Diamond War- the Un Stand

by Dana H - Date: 2006-11-26 - Word Count: 527 Share This!

Diamonds and the continuous perpetration of war and violence in the countries of Africa have been involved in a long and arduous cycle over so many years. The story is basically the same for many different countries. Rebel factions launch wars against the government. To fund their activities, their main action is to take control of the diamond rich areas in their country and force the people to mine diamonds for them, hence the term diamond war. The rough diamonds are then smuggled out to other countries and sold to the world market. In the midst of this struggle, it is the common people who suffer. They are the ones caught in between the cycle of violence. Though this has been the reality, for over a decade, the international community was unable, or unwilling, to do anything about it.

Diamond War Recognition
It was only in December 1, 2000 that the United Nations came up with a resolution to deal with the situation. Finally, the suffering of the African people became too much to ignore. The UN formally recognized the role that blood diamonds play in fuelling the wars and conflicts in Africa and decided to take some measures in order to put a stop to the vicious activities there.
In the UN General Assembly resolution, it was made clear that sanctions were needed in order for the illegal mining and trading of diamonds to stop. The idea was that if only legitimate diamonds were mined and sold, it would cut off the funds of the rebels and thus contribute to peace and ultimately, development. The UN asserts that everyone involved must participate in order for the measures to be effective.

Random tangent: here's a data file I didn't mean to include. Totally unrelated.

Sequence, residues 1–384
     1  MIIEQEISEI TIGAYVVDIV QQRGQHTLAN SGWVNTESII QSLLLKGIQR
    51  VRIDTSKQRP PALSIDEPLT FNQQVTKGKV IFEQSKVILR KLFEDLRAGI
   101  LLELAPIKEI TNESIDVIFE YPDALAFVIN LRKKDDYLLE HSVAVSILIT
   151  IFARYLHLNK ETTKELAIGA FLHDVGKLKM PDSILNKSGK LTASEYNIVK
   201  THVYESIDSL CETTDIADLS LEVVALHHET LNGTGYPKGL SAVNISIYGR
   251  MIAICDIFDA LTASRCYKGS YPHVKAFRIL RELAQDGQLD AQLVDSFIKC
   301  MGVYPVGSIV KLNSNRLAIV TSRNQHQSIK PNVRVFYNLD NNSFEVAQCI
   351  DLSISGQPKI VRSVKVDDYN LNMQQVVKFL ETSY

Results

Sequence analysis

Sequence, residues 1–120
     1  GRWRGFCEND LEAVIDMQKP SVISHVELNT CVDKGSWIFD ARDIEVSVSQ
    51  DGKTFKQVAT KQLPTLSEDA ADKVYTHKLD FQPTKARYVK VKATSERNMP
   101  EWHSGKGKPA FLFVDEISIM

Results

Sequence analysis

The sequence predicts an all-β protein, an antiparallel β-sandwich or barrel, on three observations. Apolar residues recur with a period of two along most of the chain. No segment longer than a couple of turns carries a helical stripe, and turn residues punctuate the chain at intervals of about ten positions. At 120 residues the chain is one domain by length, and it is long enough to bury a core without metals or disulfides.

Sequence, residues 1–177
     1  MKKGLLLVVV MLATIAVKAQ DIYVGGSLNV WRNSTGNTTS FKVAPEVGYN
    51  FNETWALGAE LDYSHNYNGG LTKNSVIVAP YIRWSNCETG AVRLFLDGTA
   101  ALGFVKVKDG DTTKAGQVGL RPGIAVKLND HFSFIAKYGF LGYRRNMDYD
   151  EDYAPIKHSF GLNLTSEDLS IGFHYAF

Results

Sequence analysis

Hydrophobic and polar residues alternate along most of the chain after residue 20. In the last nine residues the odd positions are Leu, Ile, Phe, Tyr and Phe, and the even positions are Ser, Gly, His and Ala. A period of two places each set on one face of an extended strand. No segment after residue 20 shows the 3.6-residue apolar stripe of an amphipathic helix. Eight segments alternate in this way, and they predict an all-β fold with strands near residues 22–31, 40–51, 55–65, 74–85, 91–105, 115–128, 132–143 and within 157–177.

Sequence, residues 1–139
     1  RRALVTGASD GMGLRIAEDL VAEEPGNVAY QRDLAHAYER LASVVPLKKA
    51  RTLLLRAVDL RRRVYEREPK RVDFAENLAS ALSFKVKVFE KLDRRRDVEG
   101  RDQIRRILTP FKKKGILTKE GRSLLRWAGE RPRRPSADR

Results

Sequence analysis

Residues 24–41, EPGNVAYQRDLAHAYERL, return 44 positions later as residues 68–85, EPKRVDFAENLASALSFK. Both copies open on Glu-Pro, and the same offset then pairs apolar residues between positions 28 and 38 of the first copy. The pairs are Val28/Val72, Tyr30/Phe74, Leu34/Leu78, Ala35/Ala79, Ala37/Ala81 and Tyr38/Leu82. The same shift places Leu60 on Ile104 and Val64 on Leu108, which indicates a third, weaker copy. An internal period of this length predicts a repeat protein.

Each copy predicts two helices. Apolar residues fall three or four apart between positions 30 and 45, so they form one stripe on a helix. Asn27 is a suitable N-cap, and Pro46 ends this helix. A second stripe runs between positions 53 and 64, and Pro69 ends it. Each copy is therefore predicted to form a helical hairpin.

From 2000 until last year, the UN has carried out many studies and imposed sanctions on individual countries and rebel groups involved in the mining and trading of blood diamonds and diamond wars. Key countries which have had sanctions brought upon them are Angola, Sierra Leone, Liberia, and the Ivory Coast for their involvement in diamond wars. Sanctions came in the form of arms embargoes, travel, and financial restrictions especially for known leaders of the rebel groups. The UN has also come up with a monitoring mechanism for the countries involved. This monitoring mechanism aims to address the traffic of diamonds as well as arms - diamonds going out of the said countries and arms coming in from Eastern European countries.

Diamonds Wars Continue
Despite the continuing efforts of the UN to curb this illicit trade, reports show that the mining of blood diamonds still occur. This is especially true for the countries with rebel controlled areas. Somehow, blood diamonds still find a way out of these countries and into the world market. Somehow, arms still find their way into the rebels'' hands. As the UN itself stated, everyone must participate and be vigilant in this fight against conflict diamonds. From the international diamond market, to the local officials'' everyone must give his two cents worth in order for real progress to be made. Until that happens we must live with the reality that everyday, people and children are being abused, maimed, and killed in the name of blood diamonds.

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